The Intelligence and Security Committee, who released the report, also questioned whether the Government "took its eye off the ball" on Russia and is still playing catch-up to this day.

Parliament's Intelligence and Security Committee said in releasing the report: "The UK is one of Russia’s top Western intelligence targets: particularly given the UK’s firm stance against recent Russian aggression and the UK-led international response to the 2018 Salisbury attack.

"Russia’s intelligence services are disproportionately large and powerful and, given the lack of rule of law, are able to act without constraint. The fusion between state, business, and serious and organised crime provides further weight and leverage: Russia is able to pose an all-encompassing security threat – which is fuelled by paranoia about the West and a desire to be seen as a resurgent great power.

“Russia is a highly capable cyber actor, employing organised crime groups to supplement its cyber skills. Russia carries out malicious cyber activity in order to assert itself aggressively - for example, attempting to interfere in other countries’ elections. It has also undertaken cyber pre-positioning on other countries’ Critical National Infrastructure.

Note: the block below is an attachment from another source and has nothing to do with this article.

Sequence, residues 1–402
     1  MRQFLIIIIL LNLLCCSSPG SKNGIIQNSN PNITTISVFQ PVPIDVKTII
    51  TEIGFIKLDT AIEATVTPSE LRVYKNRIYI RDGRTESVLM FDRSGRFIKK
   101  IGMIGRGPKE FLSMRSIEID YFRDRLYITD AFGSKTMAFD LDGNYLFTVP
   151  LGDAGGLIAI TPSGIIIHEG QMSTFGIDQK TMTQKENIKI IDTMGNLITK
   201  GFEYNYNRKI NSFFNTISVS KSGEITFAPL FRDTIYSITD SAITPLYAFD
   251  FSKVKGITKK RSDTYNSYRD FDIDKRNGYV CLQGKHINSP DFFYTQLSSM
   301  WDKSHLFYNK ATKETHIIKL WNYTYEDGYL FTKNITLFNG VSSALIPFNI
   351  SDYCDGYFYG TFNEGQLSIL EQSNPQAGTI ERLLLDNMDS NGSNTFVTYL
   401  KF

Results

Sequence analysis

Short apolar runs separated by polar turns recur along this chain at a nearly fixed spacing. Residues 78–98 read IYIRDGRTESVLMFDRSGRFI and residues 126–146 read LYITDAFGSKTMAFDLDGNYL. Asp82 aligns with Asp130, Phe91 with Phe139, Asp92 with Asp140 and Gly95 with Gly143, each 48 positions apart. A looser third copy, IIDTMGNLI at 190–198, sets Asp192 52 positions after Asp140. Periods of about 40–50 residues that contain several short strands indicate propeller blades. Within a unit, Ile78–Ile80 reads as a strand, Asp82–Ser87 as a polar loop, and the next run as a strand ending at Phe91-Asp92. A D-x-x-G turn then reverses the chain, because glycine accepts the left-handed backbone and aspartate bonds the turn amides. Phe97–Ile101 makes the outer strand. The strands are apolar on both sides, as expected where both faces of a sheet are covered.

"Given the immediate threat this poses to our national security, we are concerned that there is no clear coordination of the numerous organisations across the UK intelligence community working on this issue, this is reinforced by an unnecessarily complicated wiring diagram of responsibilities amongst Ministers."

The Government has denied the suggestion it had "badly underestimated" the Russian threat.

Foreign Secretary Dominic Raab said: "We've been clear that Russia must desist from its attacks on the UK and our allies.

"We will be resolute in defending our country, our democracy and our values from such hostile state activity."

Shadow Foreign Secretary, Lisa Nandy MP said: “It is extraordinary that the Prime Minister, Boris Johnson, took the political decision last October ahead of the General Election to block the publication of this important report that systematically goes through the threat Russia poses to the UK’s national security.

“The report is very clear that the Government has underestimated the response required to Russia and it is imperative we learn the lessons from the mistakes that have been made.

“The Labour Party calls on the Government to study the conclusions of the report carefully and take the necessary steps to keep our country safe.”

Labour MP and ISC member Kevan Jones said the Government needed to have a policy in place that protects the UK's democratic process.

He added: "One of the great strengths would have been actually in doing an investigation, because if the Government had done that at least then it could have looked for vulnerabilities, looked for things, and been able to change them. It chose not to do that."

Liberal Democrats acting leader Sir Ed Davey accused Boris Johnson of refusing "a cross-party call to launch an inquiry because he is worried about what it might find".

"This is a green light for Russia to interfere with our democracy in future, knowing there will be no consequences," he tweeted.